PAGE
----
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Cell Biol Int. 1999;23(9):593-602.

Motogenic and biosynthetic response of adult skin fibroblasts to TGF-beta isoforms (-1, -2 and -3) determined by 'tissue response unit': role of cell density and substratum.

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Unit of Cell and Molecular Biology, The Dental School, University of Dundee, UK.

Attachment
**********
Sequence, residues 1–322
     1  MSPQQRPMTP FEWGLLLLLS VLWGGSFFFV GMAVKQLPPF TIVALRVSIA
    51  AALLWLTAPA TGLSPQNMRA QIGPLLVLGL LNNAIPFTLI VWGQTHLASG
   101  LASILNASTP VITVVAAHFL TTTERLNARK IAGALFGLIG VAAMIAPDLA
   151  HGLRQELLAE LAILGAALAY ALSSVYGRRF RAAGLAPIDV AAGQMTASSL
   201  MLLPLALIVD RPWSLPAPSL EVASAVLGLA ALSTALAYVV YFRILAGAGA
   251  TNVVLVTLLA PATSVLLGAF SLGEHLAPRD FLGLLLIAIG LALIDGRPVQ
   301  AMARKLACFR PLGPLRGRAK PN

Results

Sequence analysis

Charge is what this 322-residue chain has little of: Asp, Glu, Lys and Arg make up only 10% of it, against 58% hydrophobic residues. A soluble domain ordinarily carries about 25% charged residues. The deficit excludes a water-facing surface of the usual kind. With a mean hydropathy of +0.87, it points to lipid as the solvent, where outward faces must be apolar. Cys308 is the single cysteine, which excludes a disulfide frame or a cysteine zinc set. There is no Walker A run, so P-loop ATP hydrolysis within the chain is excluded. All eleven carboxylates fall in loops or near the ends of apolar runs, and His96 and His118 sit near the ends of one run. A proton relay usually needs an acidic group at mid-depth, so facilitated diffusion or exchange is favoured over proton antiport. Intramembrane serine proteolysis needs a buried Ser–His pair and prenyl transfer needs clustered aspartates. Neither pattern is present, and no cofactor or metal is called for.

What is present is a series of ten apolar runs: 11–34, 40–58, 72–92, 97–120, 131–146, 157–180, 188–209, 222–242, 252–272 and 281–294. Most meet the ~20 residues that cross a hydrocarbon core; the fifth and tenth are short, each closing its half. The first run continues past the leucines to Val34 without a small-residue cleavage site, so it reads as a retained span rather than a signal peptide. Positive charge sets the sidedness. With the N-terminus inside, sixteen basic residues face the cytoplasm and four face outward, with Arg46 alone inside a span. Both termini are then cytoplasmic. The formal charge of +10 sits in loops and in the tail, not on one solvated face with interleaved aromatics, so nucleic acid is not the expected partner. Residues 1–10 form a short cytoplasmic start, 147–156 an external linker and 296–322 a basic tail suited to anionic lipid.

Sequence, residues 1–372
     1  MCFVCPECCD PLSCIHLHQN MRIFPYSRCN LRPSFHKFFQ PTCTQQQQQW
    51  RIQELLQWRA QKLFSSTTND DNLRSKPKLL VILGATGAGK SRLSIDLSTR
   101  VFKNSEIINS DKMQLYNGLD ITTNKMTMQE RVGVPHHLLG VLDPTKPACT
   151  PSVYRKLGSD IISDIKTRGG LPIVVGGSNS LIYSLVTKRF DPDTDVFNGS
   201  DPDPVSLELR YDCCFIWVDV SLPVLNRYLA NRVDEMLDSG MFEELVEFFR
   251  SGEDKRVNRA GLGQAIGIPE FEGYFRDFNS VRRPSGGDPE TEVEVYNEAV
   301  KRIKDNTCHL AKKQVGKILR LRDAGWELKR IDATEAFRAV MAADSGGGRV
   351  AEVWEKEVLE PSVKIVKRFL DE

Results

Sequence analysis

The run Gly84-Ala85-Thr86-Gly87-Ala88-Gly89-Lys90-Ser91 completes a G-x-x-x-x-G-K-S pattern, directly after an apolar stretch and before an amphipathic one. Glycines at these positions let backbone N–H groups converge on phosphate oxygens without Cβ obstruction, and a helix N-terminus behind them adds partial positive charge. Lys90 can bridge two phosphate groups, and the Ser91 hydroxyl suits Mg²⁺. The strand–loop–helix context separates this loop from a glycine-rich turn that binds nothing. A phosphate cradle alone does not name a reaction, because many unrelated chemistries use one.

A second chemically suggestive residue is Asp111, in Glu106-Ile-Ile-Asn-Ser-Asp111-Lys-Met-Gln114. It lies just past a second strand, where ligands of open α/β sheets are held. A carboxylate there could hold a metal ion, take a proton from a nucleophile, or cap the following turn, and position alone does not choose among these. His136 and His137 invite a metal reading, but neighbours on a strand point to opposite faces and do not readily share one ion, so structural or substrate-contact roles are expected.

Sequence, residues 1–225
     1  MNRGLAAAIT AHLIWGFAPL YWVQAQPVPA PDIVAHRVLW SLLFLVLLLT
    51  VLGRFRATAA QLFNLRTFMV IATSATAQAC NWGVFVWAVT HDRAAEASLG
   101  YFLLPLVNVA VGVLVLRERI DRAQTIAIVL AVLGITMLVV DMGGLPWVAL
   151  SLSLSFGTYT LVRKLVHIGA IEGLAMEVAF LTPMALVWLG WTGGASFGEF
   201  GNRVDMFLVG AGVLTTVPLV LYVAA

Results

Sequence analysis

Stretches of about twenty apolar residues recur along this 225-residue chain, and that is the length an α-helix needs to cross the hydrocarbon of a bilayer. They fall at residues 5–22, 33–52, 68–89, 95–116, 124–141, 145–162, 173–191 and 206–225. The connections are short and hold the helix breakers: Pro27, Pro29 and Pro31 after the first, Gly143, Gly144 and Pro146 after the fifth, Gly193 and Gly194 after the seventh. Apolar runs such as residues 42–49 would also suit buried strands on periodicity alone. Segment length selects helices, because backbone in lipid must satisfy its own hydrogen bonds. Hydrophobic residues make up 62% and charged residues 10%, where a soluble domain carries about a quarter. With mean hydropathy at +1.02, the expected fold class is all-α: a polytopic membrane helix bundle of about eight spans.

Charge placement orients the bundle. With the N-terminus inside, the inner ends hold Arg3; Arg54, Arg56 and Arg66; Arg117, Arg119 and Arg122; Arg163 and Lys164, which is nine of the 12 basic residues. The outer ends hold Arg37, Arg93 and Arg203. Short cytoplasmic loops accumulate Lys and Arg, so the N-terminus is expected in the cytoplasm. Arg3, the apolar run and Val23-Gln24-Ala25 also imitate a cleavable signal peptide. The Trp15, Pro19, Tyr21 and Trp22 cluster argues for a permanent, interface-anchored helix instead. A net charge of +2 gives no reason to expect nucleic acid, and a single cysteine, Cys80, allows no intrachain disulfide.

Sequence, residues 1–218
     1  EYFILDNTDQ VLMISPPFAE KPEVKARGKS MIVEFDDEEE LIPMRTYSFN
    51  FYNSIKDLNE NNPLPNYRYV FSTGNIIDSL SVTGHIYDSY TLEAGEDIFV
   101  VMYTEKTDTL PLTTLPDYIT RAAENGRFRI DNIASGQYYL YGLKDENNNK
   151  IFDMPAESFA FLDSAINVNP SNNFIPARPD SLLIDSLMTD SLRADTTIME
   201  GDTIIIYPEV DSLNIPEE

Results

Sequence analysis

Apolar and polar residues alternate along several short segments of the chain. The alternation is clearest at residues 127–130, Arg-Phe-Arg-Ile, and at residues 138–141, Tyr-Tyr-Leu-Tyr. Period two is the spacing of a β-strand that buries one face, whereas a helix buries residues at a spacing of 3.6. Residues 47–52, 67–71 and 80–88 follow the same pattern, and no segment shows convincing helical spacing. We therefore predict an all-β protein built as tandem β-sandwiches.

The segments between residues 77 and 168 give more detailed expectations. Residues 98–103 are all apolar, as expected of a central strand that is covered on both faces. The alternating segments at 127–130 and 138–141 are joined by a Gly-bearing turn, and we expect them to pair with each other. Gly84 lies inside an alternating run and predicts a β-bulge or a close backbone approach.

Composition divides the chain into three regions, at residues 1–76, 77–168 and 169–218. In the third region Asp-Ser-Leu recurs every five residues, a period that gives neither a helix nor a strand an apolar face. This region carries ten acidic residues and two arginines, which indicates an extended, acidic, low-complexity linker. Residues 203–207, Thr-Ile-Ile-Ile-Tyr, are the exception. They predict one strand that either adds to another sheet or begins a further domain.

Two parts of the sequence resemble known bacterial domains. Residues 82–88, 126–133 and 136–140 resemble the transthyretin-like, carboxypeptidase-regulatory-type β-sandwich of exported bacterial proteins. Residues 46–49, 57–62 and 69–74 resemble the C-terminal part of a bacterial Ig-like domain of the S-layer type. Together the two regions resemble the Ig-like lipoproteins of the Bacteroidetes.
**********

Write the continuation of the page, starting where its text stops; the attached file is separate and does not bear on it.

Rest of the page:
We have recently demonstrated that the three principal mammalian isoforms of transforming growth factor beta (TGF-beta) exert distinct effects upon: (1) the migration of confluent adult fibroblasts into 3D gels of native type I collagen fibres (i.e. TGF-beta-1 and -2 had no apparent motogenic activity, whilst TGF-beta-3 induced a dose-dependent stimulation of cell migration); and (2) the synthesis of hyaluronan (HA) by these cells is also affected by the TGF-beta isoforms in a manner which parallels their effect on cell migration. The objective of the present study is to elucidate the manner in which this differential activity of the TGF-beta-1, -2 and -3 may be modulated by experimental parameters. Data presented in this communication indicate that cytokine bioactivity is determined by a combination of cell density and the nature of the macromolecular substratum. Thus, we now report that all three TGF-beta isoforms inhibit the migration of subconfluent cells in the collagen gel assay. Our data confirm that the migration of confluent cells is stimulated by TGF-beta-3 and further indicate that this motogenic activity is completely abrogated by either TGF-beta-1 or -2 when these are co-incubated with TGF-beta-3. In contrast to these results obtained using a native type I collagen substratum, all three isoforms stimulated adult fibroblast migration in the transmembrane assay (in which cells are adherent to a 2-D porous polycarbonate substratum). The precise effect of TGF-beta isoforms on HA synthesis was also affected by cell density and the nature of the substratum in a manner which paralleled their diverse effects on cell migration (i.e. stimulation, inhibition or no effect). Streptomyces hyaluronidase completely neutralized the TGF-beta-3-induced stimulation of confluent fibroblast migration, thus suggesting a mechanistic link between the cytokine-induced cell migration and HA synthesis under these conditions. Taken together, these data indicate that: (1) the bioactivity of TGF-beta-1, -2 and -3 are determined by cell density, the macromolecular substratum and the presence of other cytokines; and (2) it is therefore necessary to define cytokine bioactivity within the context of a larger 'tissue response unit' which more fully defines the activity state of the target cell and its microenvironment.

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